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Re: When a rectangular vat that is 3 feet deep is filled to 2/3 of its cap  [#permalink]

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New post 17 May 2019, 18:28
Bunuel wrote:
When a rectangular vat that is 3 feet deep is filled to 2/3 of its capacity, it contains 60 gallons of water. If \(7\frac{1}{2}\) gallons of water occupies 1 cubic foot of space, what is the area, in square feet, of the base of the vat?

A.  4
B.  8
C.  12
D. 150
E. 225



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Quantitative Review 2020 NEW QUESTION



Let x be the area sq. foot of base. Volume of the water= x*2 ....(Height of tank filled id 2 ft.)

Now form the proportion 15/2 : 1 :: 60 : 2x
x=4.
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Re: When a rectangular vat that is 3 feet deep is filled to 2/3 of its cap  [#permalink]

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New post 18 May 2019, 08:24
jfranciscocuencag wrote:
Snezanelle wrote:
Let's assume V as the volume of our vat. 2/3*X=60 so we can find V=60*3/2=90.
Volume=width*length*height, width*length= area of our base and width*length*3=90 => width*length=90/3=30
Our answer is 30*2/15=4, which is A.


Hello! Snezanelle,

Where does the 15 comes from?

Kind regards!


Hi,
15/2 = 7*(1/2), which is mentioned in the problem.
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Re: When a rectangular vat that is 3 feet deep is filled to 2/3 of its cap  [#permalink]

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New post 21 May 2019, 10:08
[quote="Bunuel"]When a rectangular vat that is 3 feet deep is filled to 2/3 of its capacity, it contains 60 gallons of water. If \(7\frac{1}{2}\) gallons of water occupies 1 cubic foot of space, what is the area, in square feet, of the base of the vat?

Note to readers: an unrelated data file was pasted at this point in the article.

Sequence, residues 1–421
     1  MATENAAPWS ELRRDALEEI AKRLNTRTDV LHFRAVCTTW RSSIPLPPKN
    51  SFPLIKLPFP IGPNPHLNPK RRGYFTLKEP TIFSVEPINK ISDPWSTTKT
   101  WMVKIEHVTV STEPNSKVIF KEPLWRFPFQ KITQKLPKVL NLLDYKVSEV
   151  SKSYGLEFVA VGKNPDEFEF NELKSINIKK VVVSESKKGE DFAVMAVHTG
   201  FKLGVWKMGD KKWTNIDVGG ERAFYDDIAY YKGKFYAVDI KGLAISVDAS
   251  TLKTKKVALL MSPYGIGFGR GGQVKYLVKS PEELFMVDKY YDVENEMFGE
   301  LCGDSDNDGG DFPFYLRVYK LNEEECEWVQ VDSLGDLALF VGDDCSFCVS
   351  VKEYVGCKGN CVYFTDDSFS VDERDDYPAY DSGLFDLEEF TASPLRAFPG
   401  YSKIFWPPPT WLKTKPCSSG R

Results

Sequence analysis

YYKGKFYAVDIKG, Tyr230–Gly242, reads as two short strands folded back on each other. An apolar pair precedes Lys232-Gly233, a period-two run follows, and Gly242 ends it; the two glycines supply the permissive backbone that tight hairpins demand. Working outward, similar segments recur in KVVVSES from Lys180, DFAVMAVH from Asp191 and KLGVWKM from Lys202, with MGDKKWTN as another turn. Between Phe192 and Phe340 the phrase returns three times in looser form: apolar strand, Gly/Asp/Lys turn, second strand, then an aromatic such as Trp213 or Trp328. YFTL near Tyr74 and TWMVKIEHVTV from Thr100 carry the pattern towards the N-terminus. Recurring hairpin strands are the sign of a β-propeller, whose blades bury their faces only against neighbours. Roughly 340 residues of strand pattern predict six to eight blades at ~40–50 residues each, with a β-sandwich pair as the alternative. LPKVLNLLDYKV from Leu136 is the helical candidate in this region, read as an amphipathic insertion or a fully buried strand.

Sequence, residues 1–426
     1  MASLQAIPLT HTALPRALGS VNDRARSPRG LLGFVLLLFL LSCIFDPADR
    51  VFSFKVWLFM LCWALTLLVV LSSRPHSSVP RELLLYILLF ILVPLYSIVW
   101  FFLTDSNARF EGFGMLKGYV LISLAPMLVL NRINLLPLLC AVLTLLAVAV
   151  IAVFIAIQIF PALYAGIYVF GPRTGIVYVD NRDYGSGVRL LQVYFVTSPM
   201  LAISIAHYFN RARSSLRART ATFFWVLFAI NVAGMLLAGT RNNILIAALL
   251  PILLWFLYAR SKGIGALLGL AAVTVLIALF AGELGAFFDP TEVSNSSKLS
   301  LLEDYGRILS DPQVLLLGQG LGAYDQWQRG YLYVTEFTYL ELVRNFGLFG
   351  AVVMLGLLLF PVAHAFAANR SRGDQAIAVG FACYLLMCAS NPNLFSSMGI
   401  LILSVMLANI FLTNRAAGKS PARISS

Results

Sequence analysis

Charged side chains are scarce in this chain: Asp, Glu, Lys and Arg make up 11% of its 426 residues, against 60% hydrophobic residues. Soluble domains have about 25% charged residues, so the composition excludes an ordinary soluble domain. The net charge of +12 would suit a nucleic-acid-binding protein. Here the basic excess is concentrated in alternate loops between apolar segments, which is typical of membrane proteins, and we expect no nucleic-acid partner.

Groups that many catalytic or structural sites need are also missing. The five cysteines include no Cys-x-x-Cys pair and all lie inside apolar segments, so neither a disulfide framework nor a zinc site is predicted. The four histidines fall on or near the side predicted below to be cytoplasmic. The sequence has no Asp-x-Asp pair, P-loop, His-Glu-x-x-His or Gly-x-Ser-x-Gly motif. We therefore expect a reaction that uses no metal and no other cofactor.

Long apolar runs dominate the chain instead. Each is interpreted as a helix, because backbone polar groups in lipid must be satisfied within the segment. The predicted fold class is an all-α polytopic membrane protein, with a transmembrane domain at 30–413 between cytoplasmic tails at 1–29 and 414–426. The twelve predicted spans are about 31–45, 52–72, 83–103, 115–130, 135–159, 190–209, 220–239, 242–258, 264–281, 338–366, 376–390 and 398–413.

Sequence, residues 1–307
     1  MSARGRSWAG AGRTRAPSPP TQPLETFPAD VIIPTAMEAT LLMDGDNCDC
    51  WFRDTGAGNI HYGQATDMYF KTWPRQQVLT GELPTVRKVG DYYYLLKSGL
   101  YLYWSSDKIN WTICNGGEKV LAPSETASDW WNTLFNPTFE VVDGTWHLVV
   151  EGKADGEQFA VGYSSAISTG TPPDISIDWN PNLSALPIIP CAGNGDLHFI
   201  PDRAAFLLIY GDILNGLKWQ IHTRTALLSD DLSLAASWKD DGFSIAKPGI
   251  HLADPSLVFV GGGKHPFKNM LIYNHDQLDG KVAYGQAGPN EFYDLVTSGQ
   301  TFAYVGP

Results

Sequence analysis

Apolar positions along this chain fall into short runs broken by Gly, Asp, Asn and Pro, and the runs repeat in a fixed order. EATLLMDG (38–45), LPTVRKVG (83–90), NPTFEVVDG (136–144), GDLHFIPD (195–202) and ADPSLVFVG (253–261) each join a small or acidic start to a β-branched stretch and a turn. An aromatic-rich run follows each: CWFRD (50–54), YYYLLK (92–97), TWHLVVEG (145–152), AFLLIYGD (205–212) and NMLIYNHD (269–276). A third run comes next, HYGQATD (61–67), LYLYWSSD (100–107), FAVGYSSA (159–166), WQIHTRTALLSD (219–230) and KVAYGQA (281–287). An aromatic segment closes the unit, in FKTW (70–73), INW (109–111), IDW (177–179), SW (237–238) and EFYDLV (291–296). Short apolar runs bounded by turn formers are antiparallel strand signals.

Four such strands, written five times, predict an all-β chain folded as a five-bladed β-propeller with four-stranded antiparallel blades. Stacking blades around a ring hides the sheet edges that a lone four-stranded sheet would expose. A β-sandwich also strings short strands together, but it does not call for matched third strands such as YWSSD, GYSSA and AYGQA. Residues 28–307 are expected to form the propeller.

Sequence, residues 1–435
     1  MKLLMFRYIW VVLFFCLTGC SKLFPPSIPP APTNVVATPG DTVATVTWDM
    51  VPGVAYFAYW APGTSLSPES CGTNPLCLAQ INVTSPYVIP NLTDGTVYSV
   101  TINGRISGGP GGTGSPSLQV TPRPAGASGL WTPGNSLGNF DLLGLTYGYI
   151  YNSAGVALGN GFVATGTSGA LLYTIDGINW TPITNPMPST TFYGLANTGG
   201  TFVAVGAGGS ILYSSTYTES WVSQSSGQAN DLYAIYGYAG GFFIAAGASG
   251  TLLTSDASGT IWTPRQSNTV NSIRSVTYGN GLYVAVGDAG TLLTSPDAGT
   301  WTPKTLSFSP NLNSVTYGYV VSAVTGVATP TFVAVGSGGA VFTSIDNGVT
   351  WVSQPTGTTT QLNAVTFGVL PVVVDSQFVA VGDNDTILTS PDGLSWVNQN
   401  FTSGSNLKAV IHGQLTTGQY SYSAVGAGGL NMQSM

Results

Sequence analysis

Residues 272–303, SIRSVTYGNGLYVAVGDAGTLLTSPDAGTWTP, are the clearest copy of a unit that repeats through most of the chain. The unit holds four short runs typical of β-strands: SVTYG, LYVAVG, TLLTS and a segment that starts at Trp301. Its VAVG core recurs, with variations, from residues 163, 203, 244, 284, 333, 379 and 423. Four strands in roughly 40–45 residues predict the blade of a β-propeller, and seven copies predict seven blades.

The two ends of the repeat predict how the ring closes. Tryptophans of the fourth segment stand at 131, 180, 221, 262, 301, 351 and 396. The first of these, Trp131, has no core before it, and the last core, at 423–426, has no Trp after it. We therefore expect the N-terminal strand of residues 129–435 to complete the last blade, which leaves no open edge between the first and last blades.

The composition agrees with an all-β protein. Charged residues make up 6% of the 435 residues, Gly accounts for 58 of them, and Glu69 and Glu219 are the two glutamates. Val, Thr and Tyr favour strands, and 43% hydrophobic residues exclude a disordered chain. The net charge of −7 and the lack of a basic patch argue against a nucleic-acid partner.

A.  4
B.  8
C.  12
D. 150
E. 225



Here is my take ....

The question is asking,what is the area of the base of the vat= a*b (a=length; b=breath)

Let's say total capacity of the vat= x
2x/3= 60 gallon
x= 90 gallon (total capacity)

If 15/2g of water occupies 1 cubic foot of space
then, 90g of water will occupy= 90*2/15 = 12 cubic foot of space in the vat (Total volume)

We can also write:
a*b*c= 12 cubic foot (c=depth; C=3 feet)
a*b*3= 12
a*b= 4 (which is length * breath= area of the base)

The answer is A.
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Re: When a rectangular vat that is 3 feet deep is filled to 2/3 of its cap  [#permalink]

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New post 23 May 2019, 17:15
Bunuel wrote:
When a rectangular vat that is 3 feet deep is filled to 2/3 of its capacity, it contains 60 gallons of water. If \(7\frac{1}{2}\) gallons of water occupies 1 cubic foot of space, what is the area, in square feet, of the base of the vat?

A.  4
B.  8
C.  12
D. 150
E. 225



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Quantitative Review 2020 NEW QUESTION



Since the vat is 3 feet deep and water is filled to 2/3 of its capacity, the water is ⅔ x 3 = 2 feet deep. In cubic feet, the water is 60/7.5 = 8 cubic feet in volume. Since the water is 2 feet deep, the base of the vat must be 8/2 = 4 square feet.

Answer: A
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Re: When a rectangular vat that is 3 feet deep is filled to 2/3 of its cap   [#permalink] 23 May 2019, 17:15